|The Comedy Show was a huge success - although,
not well attended, there were many wonderful people who donated time,
effort and a whole lot of money.
God Bless All of YOU!
Comedy show will benefit family of Hemet girl suffering from inoperable brain tumor
|12:40 AM PDT on
Thursday, August 26, 2004
HEMET - Some days the sign on the front door of the Schleigh home encourages visitors to ask about Melody's health. It reminds people that "Only happy tears are shed here."
Other days the sign is turned over and people are asked to respect the family's need to spend time together.
Melody is the 7-year-old daughter of Robert and Debbie Schleigh and sister of 10-year-old Devin. The Hemet girl has an inoperable brain tumor called diffuse pontineglioma, a malignant tumor that grows on the stem part of the brain that controls many vital functions.
On Saturday, a comedy show in Winchester will raise money to help the family meet expenses.
It began in March, when Debbie Schleigh said they thought Melody had a cold. When Melody had a problem with her balance, her parents took her to the doctor.
"On Monday, (three days later) her balance was worse and we took her back," said Debbie Schleigh. "The doctor asked if she'd had a head trauma. The only thing we could think of was that a couple of weeks before she'd knocked heads with the dog and had a black eye from that. The doctor thought there might be bleeding (from the bump)."
Taking a deep breath to calm herself, Debbie Schleigh recounted Wednesday the trip to Children's Hospital in San Diego, the motor skills and vision tests and a CAT scan. A social worker, family counselor and doctor took the family to a private room to explain what they found.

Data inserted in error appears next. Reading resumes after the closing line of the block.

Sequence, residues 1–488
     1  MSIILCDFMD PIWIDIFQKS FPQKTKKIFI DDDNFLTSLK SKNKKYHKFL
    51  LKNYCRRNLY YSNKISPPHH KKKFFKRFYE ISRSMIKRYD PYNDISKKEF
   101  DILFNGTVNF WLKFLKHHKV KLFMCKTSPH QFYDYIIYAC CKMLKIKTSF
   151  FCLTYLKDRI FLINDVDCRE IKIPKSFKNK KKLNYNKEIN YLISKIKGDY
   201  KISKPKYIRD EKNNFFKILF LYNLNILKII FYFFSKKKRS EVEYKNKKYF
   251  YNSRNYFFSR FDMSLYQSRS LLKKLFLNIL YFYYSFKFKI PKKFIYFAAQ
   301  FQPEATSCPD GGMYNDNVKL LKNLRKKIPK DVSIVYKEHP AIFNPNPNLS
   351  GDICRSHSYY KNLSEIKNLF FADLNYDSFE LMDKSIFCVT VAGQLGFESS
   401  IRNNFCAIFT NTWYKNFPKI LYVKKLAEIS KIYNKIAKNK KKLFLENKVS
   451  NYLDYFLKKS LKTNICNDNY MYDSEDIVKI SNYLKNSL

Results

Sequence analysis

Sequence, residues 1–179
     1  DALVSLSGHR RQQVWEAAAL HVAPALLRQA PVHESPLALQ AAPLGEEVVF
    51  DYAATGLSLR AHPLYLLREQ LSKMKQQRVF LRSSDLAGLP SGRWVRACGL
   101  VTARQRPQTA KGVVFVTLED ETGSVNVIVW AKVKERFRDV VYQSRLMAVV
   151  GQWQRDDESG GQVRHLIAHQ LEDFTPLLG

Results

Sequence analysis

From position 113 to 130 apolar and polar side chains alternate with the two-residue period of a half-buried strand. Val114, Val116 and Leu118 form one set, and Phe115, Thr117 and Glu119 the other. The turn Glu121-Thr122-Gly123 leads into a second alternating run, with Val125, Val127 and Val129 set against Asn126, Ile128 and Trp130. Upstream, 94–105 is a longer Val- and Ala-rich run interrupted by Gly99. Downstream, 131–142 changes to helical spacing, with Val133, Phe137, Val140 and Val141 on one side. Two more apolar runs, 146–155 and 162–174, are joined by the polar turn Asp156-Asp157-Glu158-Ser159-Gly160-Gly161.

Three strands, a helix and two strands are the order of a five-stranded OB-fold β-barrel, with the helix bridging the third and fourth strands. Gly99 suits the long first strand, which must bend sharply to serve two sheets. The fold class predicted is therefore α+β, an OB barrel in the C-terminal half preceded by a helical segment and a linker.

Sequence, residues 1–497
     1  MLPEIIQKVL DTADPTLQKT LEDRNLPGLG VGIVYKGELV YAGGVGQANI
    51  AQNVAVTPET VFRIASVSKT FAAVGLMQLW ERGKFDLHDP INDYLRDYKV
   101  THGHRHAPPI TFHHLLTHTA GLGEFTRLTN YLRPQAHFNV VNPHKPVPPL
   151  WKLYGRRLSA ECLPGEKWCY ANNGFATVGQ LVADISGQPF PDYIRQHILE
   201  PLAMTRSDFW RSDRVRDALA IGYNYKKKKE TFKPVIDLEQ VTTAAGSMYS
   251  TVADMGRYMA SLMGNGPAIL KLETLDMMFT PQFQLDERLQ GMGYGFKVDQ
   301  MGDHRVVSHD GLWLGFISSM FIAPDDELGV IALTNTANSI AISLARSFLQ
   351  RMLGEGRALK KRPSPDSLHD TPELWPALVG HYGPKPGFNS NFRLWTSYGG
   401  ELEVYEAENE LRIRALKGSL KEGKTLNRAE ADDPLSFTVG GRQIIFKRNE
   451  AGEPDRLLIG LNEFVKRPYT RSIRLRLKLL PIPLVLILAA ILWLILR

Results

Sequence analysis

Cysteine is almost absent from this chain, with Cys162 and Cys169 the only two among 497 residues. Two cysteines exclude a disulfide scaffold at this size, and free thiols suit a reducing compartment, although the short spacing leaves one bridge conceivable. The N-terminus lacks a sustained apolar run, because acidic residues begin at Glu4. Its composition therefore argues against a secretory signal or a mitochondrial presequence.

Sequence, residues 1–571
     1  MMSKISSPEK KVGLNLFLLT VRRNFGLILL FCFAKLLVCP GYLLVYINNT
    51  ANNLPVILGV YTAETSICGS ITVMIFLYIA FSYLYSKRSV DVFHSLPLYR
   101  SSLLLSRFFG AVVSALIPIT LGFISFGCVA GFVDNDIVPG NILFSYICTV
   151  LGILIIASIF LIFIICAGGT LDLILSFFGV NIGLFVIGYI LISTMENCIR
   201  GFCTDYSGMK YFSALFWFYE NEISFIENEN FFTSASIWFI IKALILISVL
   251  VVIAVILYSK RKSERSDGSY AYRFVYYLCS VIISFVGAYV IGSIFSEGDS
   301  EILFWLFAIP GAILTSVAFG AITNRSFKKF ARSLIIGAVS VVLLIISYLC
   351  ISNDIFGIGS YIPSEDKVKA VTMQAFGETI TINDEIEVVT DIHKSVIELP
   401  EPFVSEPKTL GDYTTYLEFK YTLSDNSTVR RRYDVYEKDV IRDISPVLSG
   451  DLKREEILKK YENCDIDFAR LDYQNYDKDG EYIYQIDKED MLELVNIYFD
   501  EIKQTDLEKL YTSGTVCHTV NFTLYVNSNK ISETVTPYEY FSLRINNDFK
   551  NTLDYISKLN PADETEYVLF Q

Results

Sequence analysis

She paused before continuing. A six-week period of daily radiation treatments preceded chemotherapy that still continues. Medication has caused Melody's weight to almost double and she has to take what she calls "belly ache medicine." She starts home schooling soon.
Math is Melody's favorite subject, and she likes to color and do crafts. She enjoys receiving mail from people who have heard about her. More than 500 cards are taped to the kitchen wall.
Melody also plays with her cousin Allison Peji. The two spent a few minutes giggling as they wrapped fuchsia feather boas about their heads. Debbie and Robert Schleigh laughed, too. So did Robert's mother, Terry Schleigh, who divides her time between her San Diego home and Hemet, and Karen Peji, Robert Schleigh's sister.
Peji lives around the corner and, like other family members, has pitched in to help.
Robert Schleigh is on leave from his job in the San Diego City School District and Debbie Schleigh quit her job to take care of Melody, Peji said.
Peji put herself in charge of housekeeping and arranging meals.
Family friend and neighbor Stan Simmons is heading the comedy show, she said. Proceeds from tickets will go to the Benevolent Account for Melody Schleigh for medical care and to enable the family to spend as much time together as possible.
"The bills are still there: mortgages, food, doctors, and the gas bills from driving to San Diego for treatments is unbelievable," she said.
A comedian for 18 years, Simmons also is a computer programmer and webmaster for a Web site for Melody: http://ourmelody.net
"I have a 2-year-old and this really hit me hard," Simmons said.
Simmons recruited two other comedians through his Sprocket Entertainment agency and everything for the event has been donated, Peji said.
"A whole lot of support is generously being donated to make this night one to remember," she said. "Laughter really is the best medicine."